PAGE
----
8. I am quite aware that the High Court should be very slow in interfering with the finding of acquittal and should not convict simply because other view is possible. In this case, I would say that the learned Judge of the lower Court has refused to look into the evidence available and, therefore, arrived at a wrong conclusion. Hence, I am compelled to appreciate the entire evidence over again.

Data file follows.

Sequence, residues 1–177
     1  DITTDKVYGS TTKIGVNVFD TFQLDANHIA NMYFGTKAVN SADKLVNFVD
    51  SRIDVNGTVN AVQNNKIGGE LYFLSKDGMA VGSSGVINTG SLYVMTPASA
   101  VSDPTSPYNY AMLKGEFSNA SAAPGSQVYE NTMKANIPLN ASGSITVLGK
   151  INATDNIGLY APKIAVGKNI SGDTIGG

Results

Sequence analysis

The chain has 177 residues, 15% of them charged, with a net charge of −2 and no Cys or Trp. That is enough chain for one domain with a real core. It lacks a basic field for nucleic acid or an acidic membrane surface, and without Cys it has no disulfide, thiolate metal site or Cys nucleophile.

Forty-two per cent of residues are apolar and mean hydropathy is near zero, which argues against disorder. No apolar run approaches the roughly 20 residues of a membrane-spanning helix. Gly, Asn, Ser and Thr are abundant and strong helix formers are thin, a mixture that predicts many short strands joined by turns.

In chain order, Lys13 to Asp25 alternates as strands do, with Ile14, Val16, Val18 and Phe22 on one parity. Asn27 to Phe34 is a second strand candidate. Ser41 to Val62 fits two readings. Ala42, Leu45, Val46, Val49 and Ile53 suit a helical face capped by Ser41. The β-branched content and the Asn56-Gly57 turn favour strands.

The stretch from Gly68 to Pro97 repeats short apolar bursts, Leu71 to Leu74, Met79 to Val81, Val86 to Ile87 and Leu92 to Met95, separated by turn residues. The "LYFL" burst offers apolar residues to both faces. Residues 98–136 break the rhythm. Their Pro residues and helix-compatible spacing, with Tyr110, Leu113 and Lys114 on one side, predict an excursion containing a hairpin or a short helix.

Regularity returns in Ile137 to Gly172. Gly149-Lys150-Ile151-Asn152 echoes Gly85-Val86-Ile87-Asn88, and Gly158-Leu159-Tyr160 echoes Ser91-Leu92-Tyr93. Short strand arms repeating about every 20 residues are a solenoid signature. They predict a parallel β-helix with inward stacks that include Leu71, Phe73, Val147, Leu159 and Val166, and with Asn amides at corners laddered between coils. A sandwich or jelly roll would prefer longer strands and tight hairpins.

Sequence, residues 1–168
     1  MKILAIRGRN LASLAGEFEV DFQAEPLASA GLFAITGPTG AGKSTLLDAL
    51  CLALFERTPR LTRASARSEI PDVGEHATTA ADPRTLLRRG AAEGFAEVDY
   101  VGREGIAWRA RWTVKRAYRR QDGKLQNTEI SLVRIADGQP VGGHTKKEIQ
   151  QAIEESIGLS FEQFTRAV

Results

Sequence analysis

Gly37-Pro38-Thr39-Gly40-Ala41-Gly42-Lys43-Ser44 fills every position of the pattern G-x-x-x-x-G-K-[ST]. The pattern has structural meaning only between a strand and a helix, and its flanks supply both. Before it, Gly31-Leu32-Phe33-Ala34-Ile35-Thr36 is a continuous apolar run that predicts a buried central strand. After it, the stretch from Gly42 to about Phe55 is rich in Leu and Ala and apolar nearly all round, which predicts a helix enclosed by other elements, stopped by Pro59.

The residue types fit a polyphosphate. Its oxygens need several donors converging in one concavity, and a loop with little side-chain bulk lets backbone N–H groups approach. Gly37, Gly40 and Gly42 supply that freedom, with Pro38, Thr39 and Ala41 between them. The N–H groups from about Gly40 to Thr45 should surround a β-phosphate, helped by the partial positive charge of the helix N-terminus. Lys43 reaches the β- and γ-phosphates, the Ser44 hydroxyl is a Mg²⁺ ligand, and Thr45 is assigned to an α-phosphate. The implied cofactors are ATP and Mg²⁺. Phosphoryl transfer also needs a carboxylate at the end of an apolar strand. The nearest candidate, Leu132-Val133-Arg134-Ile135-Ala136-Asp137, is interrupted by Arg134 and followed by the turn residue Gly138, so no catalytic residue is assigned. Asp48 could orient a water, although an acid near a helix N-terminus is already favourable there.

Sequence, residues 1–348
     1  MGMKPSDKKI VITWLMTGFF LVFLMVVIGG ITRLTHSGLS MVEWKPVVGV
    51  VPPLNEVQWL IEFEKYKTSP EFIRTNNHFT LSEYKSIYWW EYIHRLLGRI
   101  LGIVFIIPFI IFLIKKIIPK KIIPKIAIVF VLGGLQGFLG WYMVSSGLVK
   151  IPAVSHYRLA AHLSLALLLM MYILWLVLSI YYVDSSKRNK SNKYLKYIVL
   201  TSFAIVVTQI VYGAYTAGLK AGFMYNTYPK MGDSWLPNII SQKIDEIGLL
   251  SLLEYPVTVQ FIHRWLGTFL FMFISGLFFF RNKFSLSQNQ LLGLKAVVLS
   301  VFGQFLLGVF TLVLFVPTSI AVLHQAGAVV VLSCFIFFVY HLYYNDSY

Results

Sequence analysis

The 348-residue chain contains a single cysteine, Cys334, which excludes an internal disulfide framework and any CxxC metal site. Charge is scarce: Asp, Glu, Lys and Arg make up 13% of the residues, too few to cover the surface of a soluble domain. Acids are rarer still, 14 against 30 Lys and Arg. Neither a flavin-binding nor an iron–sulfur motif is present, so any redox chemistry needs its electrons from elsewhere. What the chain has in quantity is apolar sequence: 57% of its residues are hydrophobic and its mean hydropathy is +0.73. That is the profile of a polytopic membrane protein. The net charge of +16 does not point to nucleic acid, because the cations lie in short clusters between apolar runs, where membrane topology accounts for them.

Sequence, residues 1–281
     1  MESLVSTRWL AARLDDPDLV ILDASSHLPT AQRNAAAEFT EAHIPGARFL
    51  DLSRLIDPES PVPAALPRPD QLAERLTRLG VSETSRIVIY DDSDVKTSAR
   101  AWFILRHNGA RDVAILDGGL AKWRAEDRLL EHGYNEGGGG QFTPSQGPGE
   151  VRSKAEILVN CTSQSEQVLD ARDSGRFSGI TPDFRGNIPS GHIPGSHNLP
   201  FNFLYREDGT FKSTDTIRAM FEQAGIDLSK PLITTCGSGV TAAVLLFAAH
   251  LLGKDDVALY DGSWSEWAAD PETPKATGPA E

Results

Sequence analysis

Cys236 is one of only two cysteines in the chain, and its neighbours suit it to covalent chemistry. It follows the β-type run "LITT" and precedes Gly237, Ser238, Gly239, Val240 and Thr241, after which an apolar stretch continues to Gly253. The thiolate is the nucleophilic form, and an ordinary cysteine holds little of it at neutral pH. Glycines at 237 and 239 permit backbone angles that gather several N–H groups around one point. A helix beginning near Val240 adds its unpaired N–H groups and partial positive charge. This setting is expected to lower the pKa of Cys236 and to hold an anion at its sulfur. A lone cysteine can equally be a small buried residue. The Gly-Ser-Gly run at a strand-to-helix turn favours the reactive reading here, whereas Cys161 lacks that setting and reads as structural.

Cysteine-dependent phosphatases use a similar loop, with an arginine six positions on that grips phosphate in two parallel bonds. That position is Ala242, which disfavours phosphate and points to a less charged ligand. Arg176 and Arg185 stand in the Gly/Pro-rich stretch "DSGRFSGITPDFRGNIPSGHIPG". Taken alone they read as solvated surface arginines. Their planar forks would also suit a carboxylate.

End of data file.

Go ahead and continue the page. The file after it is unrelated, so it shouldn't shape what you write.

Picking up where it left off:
9. There are only two dying declarations which are recorded by two different Executive Magistrates. The first in time is the dying declaration recorded by P.W.10 Devman Uparwat – the Naib Tahsildar. He states that he received a requisition at 3.50 a.m. on 24.8.1992 to record dying declaration and accordingly he went to the hospital and contacted the Medical Officer. He states that he requested the Medical Officer to examine the patient and to certify if the patient was in fit condition. He also states that the Medical Officer certified her to be fit to give statement. He also goes on to state that he satisfied himself also about the fitness of the patient. He further states that he recorded the statements as told by Nahid and she put her signature on it. The dying declaration is Exh. 33-B. He further states that the Medical Officer had again examined her and found her to be fit. If the cross-examination of the witness is seen, a few suggestions are put to witness about the fitness of patient. The witness is very firm that he had himself put certain questions to test mental fitness of the patient. Even otherwise P.W.2 Dr. Sharma positively states that he had examined the patient before and after recording the dying declaration she was in fit condition. It is in his cross-examination that he had recorded blood-pressure (B.P.) and pulse also and had put certain questions to test the orientation. If the cross-examination of P.W.10 Devman Uparwat -Executive Magistrate is seen, there is nothing to suggest that the deceased was tutored. It may be seen that the incident had occurred at mid-night i.e. around 1 to 1.30 a.m. as can be seen from the dying declaration (Exh. 33). This dying declaration is recorded at 4 a.m. i.e. within two hours. Besides the brother (P. W.6), nobody was with her. There is no suggestion to P.W, 10 – the Executive Magistrate, that anybody from the family was near her bed and had tutored her. It is suggested to P.W.10 that the father of deceased is from the department as that of the Executive Magistrate and, therefore, he has created a false document. The suggestion is denied. In fact, the second report (Exh. 31) lodged by the complainant shows that when he went to hospital, dying declaration was already recorded. Obviously, this dying declaration was not recorded to please the father of the deceased as is suggested to P.W.10. The dying declaration even bears signature of the deceased. It is obvious from the fact that she had put her signature that her mental and physical faculties were perfectly normal and, therefore, she could put her signature. This dying declaration is certainly free from any kind of infirmity. The deceased had told that her husband has kept concubine and her name is Hamidabee and she has three children. She had also told that her husband remains with her till late night and comes home late. She further has stated in her dying declaration that when she asked him where he had been, quarrel ensued, husband beat her, she poured kerosene on her person and set herself on fire. To another question, she positively answers that her husband did not set her on fire but she herself did it. This dying declaration, therefore, certainly shows that the deceased had poured kerosene on her person and set herself on fire.